Sr. Trudé Collins is described in the history of the Sisters of Charity of New York as “beloved for the energy and charity she poured” for forty years into the South Bronx. She began as a teacher at St. Athanasius in 1962; five years later she transitioned into community organizing. From 1972 to 2004 she served as director of the Simpson Street Development Association (SISDA), a government-funded anti-poverty program with close ties to St. Athanasius. Sr. Trudé involved community members in shaping and benefiting from youth, job readiness, day care and parenting programs, and held SISDA to high standards of accountability—a key to its lasting success. For decades, Sr. Trudé co-led the South East Bronx Community Organization (SEBCO) founded by Rev. Louis Gigante to rebuild housing and strengthen community in Hunts Point-Longwood. In 2008, a 105-unit affordable housing building on Southern Boulevard was named “Sr. Thomas, SC, Apartments” in her honor. Unfortunately, Garcia’s book mentions her only briefly.
Vatican II broadened the vision of the Church’s meaning and mission in the world. With grit, guts and grace, the people and groups profiled in this book, including many Sisters of Charity, translated that vision of Church and laity into concrete, believable terms.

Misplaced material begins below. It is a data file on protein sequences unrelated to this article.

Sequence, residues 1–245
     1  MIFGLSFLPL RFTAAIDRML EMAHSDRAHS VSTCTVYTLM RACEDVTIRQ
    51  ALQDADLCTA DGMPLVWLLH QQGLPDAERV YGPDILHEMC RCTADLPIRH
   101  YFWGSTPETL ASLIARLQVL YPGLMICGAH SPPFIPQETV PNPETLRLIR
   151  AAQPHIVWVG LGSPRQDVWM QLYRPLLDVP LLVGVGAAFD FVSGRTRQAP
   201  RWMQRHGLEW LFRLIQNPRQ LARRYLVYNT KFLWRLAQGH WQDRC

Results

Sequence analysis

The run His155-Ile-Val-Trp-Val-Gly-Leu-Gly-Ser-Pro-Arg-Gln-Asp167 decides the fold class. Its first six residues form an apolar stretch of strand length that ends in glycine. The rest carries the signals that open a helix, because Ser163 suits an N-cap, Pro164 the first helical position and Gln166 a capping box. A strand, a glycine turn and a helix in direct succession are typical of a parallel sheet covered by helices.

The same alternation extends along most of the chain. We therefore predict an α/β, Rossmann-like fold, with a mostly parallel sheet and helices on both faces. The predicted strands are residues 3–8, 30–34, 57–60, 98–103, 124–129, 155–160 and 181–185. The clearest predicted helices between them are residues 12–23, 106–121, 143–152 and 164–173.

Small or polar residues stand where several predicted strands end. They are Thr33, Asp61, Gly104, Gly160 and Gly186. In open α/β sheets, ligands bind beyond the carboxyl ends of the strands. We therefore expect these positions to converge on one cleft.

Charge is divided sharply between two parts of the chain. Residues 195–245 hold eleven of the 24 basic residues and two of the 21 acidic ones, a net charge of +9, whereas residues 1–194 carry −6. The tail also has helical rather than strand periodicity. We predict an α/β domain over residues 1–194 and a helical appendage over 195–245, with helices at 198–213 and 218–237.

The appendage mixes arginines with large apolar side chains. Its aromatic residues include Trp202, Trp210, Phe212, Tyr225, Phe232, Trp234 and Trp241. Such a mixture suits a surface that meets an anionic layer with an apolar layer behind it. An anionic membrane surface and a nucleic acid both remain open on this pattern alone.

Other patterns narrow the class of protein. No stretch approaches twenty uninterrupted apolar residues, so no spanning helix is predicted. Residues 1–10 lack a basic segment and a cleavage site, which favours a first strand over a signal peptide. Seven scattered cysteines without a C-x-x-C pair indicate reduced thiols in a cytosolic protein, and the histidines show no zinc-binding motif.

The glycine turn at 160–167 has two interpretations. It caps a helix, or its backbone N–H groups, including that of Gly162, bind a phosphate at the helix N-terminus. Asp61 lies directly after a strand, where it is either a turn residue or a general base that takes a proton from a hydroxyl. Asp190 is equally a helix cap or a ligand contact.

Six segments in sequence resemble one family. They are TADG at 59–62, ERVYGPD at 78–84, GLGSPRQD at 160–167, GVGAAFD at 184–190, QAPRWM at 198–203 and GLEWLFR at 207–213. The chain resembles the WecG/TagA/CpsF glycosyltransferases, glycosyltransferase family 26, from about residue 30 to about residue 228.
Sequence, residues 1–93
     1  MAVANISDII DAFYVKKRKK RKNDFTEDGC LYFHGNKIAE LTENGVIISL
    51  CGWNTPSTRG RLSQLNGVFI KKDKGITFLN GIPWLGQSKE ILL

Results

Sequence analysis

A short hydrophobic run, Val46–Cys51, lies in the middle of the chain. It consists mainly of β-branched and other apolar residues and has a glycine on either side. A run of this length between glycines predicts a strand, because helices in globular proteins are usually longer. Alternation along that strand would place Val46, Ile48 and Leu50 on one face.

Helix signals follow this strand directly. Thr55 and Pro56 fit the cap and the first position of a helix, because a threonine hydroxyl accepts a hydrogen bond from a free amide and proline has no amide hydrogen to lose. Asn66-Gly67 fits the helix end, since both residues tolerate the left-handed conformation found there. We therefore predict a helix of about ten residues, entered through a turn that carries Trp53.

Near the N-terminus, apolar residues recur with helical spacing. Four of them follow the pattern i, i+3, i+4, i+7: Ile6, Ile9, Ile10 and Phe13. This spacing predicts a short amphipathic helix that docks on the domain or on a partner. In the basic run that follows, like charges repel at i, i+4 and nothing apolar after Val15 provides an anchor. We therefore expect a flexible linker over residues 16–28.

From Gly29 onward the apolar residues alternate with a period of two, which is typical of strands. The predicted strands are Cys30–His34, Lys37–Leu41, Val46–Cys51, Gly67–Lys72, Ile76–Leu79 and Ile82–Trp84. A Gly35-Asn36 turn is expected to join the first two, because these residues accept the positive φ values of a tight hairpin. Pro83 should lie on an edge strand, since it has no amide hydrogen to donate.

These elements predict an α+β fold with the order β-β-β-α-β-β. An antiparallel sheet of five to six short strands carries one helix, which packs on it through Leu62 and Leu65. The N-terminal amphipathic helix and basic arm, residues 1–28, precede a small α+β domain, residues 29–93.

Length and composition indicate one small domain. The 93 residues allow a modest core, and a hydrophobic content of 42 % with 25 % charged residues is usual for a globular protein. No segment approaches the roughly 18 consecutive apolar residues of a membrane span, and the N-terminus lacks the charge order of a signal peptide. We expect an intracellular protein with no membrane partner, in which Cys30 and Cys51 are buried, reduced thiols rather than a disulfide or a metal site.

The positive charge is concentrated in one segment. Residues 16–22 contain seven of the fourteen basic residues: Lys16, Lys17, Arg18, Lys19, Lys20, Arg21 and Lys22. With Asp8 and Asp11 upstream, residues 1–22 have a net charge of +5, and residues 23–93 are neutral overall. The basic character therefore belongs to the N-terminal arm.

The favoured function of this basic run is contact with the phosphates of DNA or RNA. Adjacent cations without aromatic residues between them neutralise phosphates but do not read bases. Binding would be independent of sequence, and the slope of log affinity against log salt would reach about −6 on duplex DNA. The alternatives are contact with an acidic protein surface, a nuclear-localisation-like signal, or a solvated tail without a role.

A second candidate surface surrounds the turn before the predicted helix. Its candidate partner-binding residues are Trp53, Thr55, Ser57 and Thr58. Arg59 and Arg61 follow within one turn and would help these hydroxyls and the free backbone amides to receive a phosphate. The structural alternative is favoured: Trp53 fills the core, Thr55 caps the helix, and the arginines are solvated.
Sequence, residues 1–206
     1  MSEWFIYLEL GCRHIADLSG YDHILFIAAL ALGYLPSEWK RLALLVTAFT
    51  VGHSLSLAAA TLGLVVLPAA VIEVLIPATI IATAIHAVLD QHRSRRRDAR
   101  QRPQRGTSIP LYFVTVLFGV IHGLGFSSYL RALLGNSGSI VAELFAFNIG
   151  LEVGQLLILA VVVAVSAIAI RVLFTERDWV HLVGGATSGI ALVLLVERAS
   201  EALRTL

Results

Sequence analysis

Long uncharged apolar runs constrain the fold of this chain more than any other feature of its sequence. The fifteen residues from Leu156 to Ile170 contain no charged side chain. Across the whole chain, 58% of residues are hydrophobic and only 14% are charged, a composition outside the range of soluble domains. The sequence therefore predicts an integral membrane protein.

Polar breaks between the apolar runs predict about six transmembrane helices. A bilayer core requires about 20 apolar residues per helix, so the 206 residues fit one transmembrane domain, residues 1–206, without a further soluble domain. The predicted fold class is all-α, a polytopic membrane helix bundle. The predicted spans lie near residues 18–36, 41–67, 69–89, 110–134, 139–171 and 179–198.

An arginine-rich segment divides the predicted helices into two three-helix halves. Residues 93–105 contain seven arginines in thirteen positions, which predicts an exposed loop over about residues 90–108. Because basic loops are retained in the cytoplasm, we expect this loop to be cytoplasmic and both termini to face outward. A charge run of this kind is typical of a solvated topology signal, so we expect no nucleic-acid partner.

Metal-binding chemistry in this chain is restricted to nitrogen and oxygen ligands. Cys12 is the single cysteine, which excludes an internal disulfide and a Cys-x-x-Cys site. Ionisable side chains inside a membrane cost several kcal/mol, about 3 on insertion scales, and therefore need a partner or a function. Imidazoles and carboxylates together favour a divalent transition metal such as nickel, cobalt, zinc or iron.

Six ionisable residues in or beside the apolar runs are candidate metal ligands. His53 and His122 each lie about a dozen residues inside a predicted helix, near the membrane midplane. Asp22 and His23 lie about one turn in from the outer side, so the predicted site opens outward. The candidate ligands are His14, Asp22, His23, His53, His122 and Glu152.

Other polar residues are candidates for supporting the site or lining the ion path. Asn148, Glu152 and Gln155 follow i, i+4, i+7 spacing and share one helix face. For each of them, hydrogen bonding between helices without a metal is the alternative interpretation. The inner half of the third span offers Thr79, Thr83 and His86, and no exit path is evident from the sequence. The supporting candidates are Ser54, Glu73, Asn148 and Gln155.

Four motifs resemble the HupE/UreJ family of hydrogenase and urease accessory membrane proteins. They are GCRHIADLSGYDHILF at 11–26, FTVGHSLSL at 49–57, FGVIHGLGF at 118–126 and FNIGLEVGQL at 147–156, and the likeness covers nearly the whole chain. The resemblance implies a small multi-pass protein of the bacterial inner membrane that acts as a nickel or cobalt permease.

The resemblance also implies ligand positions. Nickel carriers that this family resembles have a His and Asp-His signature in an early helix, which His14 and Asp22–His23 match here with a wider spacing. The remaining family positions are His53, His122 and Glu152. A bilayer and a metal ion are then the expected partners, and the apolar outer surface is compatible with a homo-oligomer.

In 2015 when Msgr. Neil Connolly died, a newspaper tribute noted that he “lived to serve the community and believed in making leaders out of the people who lived there.” The same words could equally apply to Connolly’s colleagues and co-laborers, including the Sisters of Charity. Their passionate presence changed the face of the Church in the South Bronx. Their work, now largely carried on by dedicated lay persons, continues—not without struggle—to bear fruit.
- “Ministries,” 5.3
- Gaudium et Spes, Pastoral Constitution on the Church in the Modern World, Dec. 7, 1965, #1.
- p. 118. SISDA, or Simpson Street Development Association, began in 1964. Seneca Center was a parish community center.
- Garcia, 221
- SC History, vol. 6, p. 122
- Earley, SC History vol. v, 315-316
- Garcia, 195
- Carmen Rios-Nuñez, 4.9.2017, https://huntspointexpress.com/2017/04/09/monsignor-neil-connolly-former-priest-of-st-athanasius-church-and-longtime-activist-dies-at-83/